Flossing is not fun, it creates waste, and I can think of better things to do with 5 minutes a day. In fact, with those 5 minutes today, I can bring you this article in The Journal of Clinical Peridontology, which found:

The majority of available studies fail to demonstrate that flossing is generally effective in plaque removal. All investigated devices for inter-dental self-care seem to support the management of gingivitis, however, to a varying extent.

The paper did find that  inter-dental brushes (IDBs) are effective in removing plaque. These brushes I have tried and they look like little pipe-cleaners that you shove between your teeth. It feels about as good as it sounds!!! Ow.

I may wait for the randomized controlled trial (RCT) proving that those angry little bristles decrease caries (cavities) before attempting their use again, as "plaque removal" is but a surrogate marker for other things.

Further to the lack of advancement of evidence-based practice in dentistry, one periodontist. Dr Ghilzon, when interviewed by the CBC said:

I would say if you know how to floss I would continue just in case it does make a difference

When the CBC talked to Matthew J. Messina, a dentist and spokesman for the U.S. dental association, they pressed him. He acknowledged weak evidence, but he blamed research participants who didn't floss correctly.

It seems Dentistry is eons behing medicine in terms of evidence gathering let alone application. Whether employing patient-blaming, citing anecdotes, or declining to accept the value of evidence, Dentistry is set to follow Medicine in suffering the same "just in case" approach that dooms patients to overtesting and overtreating and promotes ignorance of the harms of intervention.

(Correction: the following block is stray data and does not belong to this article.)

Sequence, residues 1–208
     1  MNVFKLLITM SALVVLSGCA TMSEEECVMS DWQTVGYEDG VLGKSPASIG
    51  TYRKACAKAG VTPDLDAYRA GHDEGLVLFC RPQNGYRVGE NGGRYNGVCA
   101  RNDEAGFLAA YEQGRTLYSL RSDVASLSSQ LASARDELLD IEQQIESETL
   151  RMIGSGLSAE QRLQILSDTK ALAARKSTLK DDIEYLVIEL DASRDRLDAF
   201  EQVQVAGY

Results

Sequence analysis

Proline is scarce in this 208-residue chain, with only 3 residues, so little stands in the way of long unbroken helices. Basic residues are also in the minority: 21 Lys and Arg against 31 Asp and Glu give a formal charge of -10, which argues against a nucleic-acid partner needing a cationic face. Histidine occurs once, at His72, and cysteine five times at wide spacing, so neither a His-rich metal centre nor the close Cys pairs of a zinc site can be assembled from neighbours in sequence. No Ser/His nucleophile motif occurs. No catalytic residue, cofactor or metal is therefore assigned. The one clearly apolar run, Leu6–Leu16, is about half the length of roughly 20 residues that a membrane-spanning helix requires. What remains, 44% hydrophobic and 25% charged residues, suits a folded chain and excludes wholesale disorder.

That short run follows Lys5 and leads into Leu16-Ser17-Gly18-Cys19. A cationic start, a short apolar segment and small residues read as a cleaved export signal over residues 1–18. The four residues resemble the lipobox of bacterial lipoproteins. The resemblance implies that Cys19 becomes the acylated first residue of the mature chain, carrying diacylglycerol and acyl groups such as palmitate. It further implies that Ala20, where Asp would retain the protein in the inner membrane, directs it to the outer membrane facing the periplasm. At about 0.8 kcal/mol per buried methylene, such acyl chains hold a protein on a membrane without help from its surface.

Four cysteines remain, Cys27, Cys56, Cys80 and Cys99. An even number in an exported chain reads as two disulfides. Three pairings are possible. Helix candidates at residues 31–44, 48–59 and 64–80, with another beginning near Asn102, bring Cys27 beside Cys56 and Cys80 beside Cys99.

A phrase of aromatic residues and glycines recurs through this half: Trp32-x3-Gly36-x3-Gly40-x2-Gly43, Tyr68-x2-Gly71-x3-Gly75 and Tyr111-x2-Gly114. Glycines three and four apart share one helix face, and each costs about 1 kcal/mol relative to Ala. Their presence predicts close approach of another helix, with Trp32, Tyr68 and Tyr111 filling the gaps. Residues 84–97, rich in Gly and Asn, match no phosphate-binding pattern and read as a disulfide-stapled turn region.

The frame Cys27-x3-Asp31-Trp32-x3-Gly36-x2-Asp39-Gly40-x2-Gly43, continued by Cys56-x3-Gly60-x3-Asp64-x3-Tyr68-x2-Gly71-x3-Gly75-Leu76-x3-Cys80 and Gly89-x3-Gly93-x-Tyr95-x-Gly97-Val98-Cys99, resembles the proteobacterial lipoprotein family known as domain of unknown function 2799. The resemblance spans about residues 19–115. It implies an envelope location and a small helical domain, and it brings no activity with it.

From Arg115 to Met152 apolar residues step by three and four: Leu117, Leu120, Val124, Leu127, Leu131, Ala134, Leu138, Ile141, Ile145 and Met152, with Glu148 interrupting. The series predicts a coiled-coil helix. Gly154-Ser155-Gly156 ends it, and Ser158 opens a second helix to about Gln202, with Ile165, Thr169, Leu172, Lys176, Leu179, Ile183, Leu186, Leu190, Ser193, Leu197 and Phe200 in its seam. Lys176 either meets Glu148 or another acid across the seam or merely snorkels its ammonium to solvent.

See the original CBC article here.

Source: http://www.cbc.ca/beta/news/health/dental-...

BMJ Blogs: Six proposals for EBM’s future

Dr Paul Glasziou is a Professor of Evidence-Based Medicine at Bond University in Australia. He speaks and writes mainly about the translation of health research into clinical practice.

His latest contribution to the BMJ Blog is a look at the future of evidence-based medicine (EBM). As its era fades into another, it becomes apparent that there is still a huge gap between what research tells us and what doctors and patients wind up doing.

Sometimes the known evidence is biased, of poor quality, or doesn't actually have any relevance for our patient. Sometimes, we have strong evidence about what is clinically 'correct' but we have forgotten to remember that each patient is an individual, with unique goals and life circumstances. Sometimes, we get so caught up in chasing the potential benefits of something that we fail to realize it could be causing more harm than good.

Read Dr Glaszious' Six Proposals for EBM's future, as he tackles these tough issues and helps to guide us back to a place where research improves care.

Source: http://blogs.bmj.com/ce/2015/03/27/six-pro...

CONFERENCE: ISDM/ISEHC2015: Bringing Evidence-Based Practice and Shared Decision-Making Together

What could be better than a conference combining evidence-based practice (EBM) and shared decision making (SDM)!? 

A conference combining EBM and SDM... in Australia!!

That's right, July 19-22, the University of Sydney will be hosting the joint international shared decision-making (ISDM) and International Society for Evidence Based Health Care (ISEHC) conference.

Drs Paul Glasziou (@PaulGlasziou) and Lyndal Trevena (@LyndalTrevena) host, with keynote speeches from Drs Victor Montori (@VMontori), Alexandra Barratt (U of Sydney, organizing committee of Preventing Overdiagnosis), and Sharon Strauss (U of Toronto).